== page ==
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Eusebius McKaiser explains why we will be OK

| Market Forces

‘Yes, our democracy is facing very serious challenges.’
‘But we will probably be OK,’ was the view of political commentator Eusebius McKaiser at the 2016 i3 Summit hosted by Sanlam Investments and Glacier by Sanlam. ‘Provided we do a certain number of things to entrench our fledgling democracy and the institutions needed to sustain it.
‘Politics are complex and mercifully the quality of a democracy cannot be influenced by the ruling party alone,’ said McKaiser. He went on to provide three arguments to support his view that it is definitely premature for South Africans to pack their bags and head for Perth. In fact, if we can look beyond the negativity of daily news reports, this country is still a great investment destination for foreign investors scouting the globe for strong socio-political structures supporting their investments.
Firstly, we are a society that is respectful of law and recognizes the independency of the judicial system and the supremacy of the constitutional court. According to McKaiser we have some ‘designed wins’ originating from the CODESA talks of the early 1990s. If we compare our democracy with other democracies around the world, we come out very good. Strife between the state and the court can be expected. Democratic states worldwide routinely try and fight court judgements that force them to act in the best interest of the citizens. ‘Lawfare’ is not a reason to despair. Our judicial system remains a bulwark against the democratic failures of the state.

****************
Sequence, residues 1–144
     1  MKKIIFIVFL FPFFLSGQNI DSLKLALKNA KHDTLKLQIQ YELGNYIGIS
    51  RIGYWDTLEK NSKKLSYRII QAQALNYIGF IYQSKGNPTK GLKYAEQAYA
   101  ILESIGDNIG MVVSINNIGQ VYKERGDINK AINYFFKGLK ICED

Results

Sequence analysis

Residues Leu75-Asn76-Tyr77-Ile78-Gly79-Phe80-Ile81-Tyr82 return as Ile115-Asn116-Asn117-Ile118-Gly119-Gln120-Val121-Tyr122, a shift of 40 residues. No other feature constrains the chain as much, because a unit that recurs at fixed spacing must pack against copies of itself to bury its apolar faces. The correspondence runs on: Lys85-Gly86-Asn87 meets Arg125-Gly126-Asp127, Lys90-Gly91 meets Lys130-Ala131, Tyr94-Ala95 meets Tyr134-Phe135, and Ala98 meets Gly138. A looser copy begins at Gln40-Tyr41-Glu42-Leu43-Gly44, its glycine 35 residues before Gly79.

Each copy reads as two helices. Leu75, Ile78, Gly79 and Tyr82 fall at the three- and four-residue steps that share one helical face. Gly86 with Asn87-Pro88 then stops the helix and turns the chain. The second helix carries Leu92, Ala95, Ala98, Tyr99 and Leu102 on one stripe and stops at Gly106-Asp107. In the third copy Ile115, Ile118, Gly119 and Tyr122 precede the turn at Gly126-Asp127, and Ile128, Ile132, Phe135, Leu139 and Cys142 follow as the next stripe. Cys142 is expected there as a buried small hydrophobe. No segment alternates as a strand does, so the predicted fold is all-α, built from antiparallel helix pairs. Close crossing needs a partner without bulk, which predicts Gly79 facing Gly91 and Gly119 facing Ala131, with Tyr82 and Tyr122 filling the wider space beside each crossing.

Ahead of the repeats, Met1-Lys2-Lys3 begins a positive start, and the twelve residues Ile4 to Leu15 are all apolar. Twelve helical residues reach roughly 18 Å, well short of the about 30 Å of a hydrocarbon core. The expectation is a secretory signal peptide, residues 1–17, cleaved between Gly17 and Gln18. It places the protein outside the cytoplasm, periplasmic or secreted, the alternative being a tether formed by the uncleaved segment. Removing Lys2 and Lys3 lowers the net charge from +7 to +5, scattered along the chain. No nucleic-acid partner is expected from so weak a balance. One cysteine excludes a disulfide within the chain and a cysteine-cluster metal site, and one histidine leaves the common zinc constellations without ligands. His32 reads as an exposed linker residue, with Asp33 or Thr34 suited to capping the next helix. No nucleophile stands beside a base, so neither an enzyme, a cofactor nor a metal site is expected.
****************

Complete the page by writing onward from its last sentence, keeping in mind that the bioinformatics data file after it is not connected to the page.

Secondly, we have excellent civil society organisations in all the important sectors of our society, putting pressure on governments – and corporates – to behave in the interest of the citizens. The TAC is one such an example. Another one is pressure group Equal Education, who got the government to agree on minimum standards for a functioning school. ‘When you have good civil society organisations they are as good as a strong opposition party, and we have those,’ said McKaiser.
Finally, opposition politics is the lifeblood of a democracy. Competitive politics is becoming entrenched and making it harder for the encumbent party to become arrogant. With the elections coming up on 3 August, the manifestos are out. ‘But voters seem to focus on imagery and aesthetics rather, which is where the EFF is winning hands down,’ McKaiser said in jest. But on a more serious note, it’s the EFF who is really tapping into the disillusionment of poor South Africans.
While we have the three most important components of a democracy in place, it is also vital for the private sector to step in to bolster our democratic strength. Yes, we still have strong civil society organisations. But the weakness is that many of these organisations are seriously underfunded. We see more and more Scandinavian funders withdrawing funding, reasoning justifiably that our democracy is now mature. This creates an opportunity for the private sector in SA to step in.
‘The private sector is not yet doing enough. And it really starts with how we structure our B.Com degrees in this country. There is still too much of a focus on profit and efficiencies and not enough on justice and fairness,’ concluded McKaiser.

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